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What and Who
Title:Prusti – Deductive Verification for Rust
Speaker:Alex Summers
coming from:ETH Zurich
Speakers Bio:Alex Summers works broadly on program verification techniques and tools, specialising in imperative concurrent languages,

and modular deductive verification. Alex obtained his PhD from Imperial College London, worked as a postdoc at Imperial College
London and ETH Zurich, and then as a Senior Researcher (Oberassistent) at ETH Zurich. He currently coordinates the Viper and
Prusti research projects. In March 2020 he will start a new position as Associate Professor at the University of British Columbia.

Event Type:SWS Colloquium
Visibility:INET, SWS, RG1, MMCI
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Level:AG Audience
Date, Time and Location
Date:Tuesday, 3 December 2019
Duration:90 Minutes
Producing reliable systems software is a major challenge, plagued by the ubiquitous problems of shared mutable state, pointer
aliasing, dynamic memory management, and subtle concurrency issues such as race conditions; even expert programmers struggle
to tame the wide variety of reasons why their programs may not behave as they intended. Formal verification offers potential solutions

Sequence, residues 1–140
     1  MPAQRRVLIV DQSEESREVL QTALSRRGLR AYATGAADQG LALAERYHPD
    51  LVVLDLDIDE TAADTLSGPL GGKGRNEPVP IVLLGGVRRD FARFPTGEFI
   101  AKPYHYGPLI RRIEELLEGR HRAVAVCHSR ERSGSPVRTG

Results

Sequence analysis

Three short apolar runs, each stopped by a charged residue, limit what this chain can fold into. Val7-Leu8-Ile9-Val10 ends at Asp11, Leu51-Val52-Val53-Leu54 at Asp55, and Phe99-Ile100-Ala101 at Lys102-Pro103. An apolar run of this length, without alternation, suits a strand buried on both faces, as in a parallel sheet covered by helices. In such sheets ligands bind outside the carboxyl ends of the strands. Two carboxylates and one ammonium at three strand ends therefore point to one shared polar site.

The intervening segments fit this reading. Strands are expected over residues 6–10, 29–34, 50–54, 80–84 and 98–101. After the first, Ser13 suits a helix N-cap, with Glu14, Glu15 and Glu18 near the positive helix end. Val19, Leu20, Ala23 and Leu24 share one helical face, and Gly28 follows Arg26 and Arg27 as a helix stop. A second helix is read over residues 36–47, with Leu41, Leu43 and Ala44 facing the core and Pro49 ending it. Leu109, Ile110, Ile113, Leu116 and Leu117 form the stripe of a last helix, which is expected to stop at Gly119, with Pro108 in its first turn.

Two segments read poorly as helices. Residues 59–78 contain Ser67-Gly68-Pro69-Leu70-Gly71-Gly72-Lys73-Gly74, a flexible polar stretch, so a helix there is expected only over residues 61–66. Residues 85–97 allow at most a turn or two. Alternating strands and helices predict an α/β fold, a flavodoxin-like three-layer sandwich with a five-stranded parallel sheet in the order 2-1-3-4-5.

to many of these problems, but typically at a very high price: the mathematical techniques employed are highly-complex, and difficult
for even expert researchers to understand and apply.

The relatively-new Rust programming language is designed to help with the former problem: a powerful ownership type system
requires programmers to specify and restrict their discipline for referencing heap locations, providing in return the strong guarantee
(almost – the talk, and Rustbelt!) that code type-checked by this system will be free from dangling pointers, unexpected aliasing,
race conditions and the like. While this rules out a number of common errors, the question of whether a program behaves as
intended remains.

In this talk, I’ll give an overview of the Prusti project, which leverages Rust’s type system and compiler analyses for formal verification.
By combining the rich information available about a type-checked Rust program with separate user-specification of intended behaviour,
Prusti enables a user to verify functional correctness of their code without interacting with a complex program logic; in particular,
specifications and all interactions with our implemented tool are at the level of abstraction of Rust expressions.
Name(s):Annika Meiser
EMail:--email address not disclosed on the web
Video Broadcast
Video Broadcast:YesTo Location:Saarbrücken
To Building:E1 5To Room:029
Meeting ID:SWS Space 2 (6312)
Tags, Category, Keywords and additional notes
Attachments, File(s):
  • Annika Meiser, 11/28/2019 09:23 AM -- Created document.